Now I’m not a scientist or meteorologist, but I assume that traveling by ship to the Arctic in the dead of winter is a bad idea. It turns out that my assumption is right.
This week, Russian scientists traveling to the Arctic got stuck in the ice. Bummer. Turns out the ice cutters and rescue boats going to bail them out got in the same bind as well. So there, in the dead of winter in the Arctic, sat millions of dollars of equipment, ships, and technology surrounded by the top scientists in the world, the smartest most educated people on the planet. Did the smartest people in the world not think that they would get stuck in ice in the dead of winter in the Arctic? There must be hope for the rest of us yet.
But that’s not the irony:
Why were they up there? To study global warming.
As it turns out, even the smartest of us get foiled by what we call “confirmation bias.” What is it? It’s a nasty psychological bugger – confirmation bias is tendency for us to search for something that confirms our preconceptions. In short – if we want to prove something, we’ll probably find something to support us. Where ye looketh, there ye shall findeth. It’s particularly nasty because it clouds our ability to have decent, unbiased communication with the people we love most.
Now I can’t speak for the scientists, but it sure does seem like a silly thing to go looking for global warming in the dead of winter. Sure, I understand why they did it, but it never hurts to remind oneself that you may be wrong. Especially when it comes to our preconceptions, this is certainly true – it never hurts to remind ourselves that we may be wrong.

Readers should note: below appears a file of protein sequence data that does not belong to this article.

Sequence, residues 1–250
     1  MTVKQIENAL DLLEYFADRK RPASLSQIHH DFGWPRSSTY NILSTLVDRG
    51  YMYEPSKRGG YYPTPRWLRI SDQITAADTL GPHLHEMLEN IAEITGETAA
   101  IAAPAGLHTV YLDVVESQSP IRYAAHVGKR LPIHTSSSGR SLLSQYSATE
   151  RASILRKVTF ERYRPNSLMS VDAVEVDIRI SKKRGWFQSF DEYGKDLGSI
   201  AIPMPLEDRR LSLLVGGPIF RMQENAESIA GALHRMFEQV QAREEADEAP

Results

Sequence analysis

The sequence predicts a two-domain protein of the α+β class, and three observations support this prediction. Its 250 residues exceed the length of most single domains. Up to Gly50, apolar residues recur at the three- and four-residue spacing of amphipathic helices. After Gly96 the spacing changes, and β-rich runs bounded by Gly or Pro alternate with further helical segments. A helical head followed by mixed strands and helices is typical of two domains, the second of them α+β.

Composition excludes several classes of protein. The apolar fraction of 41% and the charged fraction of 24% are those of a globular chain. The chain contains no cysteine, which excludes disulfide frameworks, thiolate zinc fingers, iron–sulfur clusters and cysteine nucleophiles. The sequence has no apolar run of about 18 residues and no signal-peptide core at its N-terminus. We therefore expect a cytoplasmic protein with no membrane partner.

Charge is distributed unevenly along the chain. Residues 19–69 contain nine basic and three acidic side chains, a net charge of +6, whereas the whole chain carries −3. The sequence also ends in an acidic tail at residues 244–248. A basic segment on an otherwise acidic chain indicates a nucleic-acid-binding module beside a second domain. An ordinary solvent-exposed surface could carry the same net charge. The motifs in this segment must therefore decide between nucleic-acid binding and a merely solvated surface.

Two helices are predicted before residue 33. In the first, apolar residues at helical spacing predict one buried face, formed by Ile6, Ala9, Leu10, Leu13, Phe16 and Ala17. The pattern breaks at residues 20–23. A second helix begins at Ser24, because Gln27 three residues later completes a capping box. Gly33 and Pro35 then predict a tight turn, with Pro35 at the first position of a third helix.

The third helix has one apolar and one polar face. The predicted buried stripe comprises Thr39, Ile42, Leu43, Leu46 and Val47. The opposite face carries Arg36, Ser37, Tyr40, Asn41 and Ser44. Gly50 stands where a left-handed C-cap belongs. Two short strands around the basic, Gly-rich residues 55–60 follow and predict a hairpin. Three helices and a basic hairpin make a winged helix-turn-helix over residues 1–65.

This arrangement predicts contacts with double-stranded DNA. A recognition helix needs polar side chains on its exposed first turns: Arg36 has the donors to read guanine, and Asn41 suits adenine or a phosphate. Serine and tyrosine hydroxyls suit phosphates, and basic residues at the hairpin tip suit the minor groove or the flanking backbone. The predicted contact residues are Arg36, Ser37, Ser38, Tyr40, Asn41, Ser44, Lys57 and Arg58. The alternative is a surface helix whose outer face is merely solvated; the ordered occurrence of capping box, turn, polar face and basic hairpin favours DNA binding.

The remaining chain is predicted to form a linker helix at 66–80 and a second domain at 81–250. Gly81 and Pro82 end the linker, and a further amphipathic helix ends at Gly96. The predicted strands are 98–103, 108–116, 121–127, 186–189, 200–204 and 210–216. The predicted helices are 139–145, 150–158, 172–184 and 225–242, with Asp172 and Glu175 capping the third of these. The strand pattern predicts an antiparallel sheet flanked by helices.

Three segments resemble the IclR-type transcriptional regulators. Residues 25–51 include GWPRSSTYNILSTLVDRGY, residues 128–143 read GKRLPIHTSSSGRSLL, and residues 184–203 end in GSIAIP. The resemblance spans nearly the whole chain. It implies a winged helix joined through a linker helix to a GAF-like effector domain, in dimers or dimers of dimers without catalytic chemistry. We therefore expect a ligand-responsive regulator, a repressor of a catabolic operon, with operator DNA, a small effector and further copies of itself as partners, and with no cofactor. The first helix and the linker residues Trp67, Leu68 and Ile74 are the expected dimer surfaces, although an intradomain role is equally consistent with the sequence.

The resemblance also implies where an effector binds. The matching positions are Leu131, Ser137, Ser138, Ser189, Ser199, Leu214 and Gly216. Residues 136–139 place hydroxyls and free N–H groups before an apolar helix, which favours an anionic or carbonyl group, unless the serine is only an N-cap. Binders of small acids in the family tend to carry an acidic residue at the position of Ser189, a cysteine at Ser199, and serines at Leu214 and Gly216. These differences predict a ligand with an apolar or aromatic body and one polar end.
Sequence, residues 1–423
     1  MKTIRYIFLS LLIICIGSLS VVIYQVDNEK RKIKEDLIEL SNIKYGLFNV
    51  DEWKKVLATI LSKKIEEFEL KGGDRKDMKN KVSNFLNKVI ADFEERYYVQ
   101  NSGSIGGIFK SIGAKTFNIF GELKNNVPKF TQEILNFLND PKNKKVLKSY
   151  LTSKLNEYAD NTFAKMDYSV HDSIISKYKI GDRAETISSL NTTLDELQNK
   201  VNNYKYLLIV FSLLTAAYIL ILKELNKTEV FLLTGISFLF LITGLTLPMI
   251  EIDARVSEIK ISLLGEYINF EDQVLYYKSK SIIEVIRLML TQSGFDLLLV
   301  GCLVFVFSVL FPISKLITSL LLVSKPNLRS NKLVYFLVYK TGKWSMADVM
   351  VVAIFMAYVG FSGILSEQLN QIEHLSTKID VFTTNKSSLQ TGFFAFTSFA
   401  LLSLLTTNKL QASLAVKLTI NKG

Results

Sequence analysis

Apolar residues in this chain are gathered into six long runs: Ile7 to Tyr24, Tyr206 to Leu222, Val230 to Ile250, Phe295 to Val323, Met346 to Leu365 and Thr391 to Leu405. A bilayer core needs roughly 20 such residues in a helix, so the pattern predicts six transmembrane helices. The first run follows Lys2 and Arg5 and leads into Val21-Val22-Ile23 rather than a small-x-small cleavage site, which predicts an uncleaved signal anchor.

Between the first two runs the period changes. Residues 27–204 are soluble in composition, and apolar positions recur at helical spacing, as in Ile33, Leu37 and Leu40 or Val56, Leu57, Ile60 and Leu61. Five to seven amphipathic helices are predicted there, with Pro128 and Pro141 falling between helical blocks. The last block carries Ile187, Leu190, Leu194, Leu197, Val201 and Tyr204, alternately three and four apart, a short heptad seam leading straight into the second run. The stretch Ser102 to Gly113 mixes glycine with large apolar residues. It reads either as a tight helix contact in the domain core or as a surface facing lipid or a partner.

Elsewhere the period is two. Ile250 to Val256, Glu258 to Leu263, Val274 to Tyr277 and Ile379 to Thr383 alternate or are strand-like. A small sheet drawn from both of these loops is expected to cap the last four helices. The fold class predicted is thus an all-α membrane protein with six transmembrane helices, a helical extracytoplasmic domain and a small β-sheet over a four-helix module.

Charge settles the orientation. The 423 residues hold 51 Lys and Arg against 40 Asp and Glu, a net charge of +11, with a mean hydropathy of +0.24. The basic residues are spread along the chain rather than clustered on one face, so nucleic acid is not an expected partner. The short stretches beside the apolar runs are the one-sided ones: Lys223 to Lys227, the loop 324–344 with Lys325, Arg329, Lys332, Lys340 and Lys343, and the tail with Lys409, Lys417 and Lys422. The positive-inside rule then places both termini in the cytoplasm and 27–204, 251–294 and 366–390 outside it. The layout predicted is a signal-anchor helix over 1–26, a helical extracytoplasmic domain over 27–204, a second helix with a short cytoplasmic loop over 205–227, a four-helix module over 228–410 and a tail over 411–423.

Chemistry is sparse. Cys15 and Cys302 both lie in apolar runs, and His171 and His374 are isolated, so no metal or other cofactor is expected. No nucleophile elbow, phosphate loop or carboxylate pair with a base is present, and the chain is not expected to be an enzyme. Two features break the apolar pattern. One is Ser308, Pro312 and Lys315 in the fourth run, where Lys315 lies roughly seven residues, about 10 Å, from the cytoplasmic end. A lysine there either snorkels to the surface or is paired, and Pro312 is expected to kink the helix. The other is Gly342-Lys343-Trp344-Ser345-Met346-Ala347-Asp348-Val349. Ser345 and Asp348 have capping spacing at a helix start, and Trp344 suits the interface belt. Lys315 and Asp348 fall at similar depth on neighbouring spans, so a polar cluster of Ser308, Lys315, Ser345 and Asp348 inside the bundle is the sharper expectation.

This month, me and the writers are focusing on the theme of “resolve” in our life, love, and families. Perhaps the greatest thing standing in the way of positive resolve is our own confirmation biases. When we begin to believe our spouse is unloving, we’ll start looking for actions that prove they are unloving. When we think that our boss hates us, we look for signs that prove it. When we think our philosophical beliefs are untouchable, we’ll scour the internet for articles that prove it is indeed untouchable. Unfortunately, hoping to confirming our negative preconceptions is like getting “stuck in the ice” – we put ourselves in a place that prohibits us from growth and maturity.
Overcoming a negative confirmation bias is easy – don’t go hunting for global warming in the Arctic during the dead of winter.
To put more plainly, we need to begin to challenge our preconceptions with opposition. If we believe our spouse is unloving and unsupportive, look for the exception to the rule – prove they are loving and supportive. If we think our boss hates our guts, prove to yourself that they actually care. If we think our philosophy on life is untouchable, then look for articles and blogs that are oppositional to it. Challenging our preconceptions will do one of two things:
- It will open our eyes to new ideas that in turn help us grow and mature.
- It will remind us that original belief was indeed correct yet will open our eyes on how to handle the situation in a more mature way.
Of course, this process is much easier said than done. Yet conquering the nasty confirmation bias gives us freedom. The first step, though, is admitting we do it, in all areas of our lives: religion and faith, at the dinner table, around the holidays, on Monday morning, and beyond. Once we admit it, we can tackle it.
Global warming might be a thing. Given the subzero temperatures around the nation this week, I have my reserved doubts. Needless to say, the weather didn’t stop a group of the world’s smartest people from trucking on up a frozen ocean in search of warming. But let’s not give them too much grief – we’ve all trucked up our own “frozen ocean” to prove our point only to get caught with our pants around our ankles.
But who says we can’t conquer it?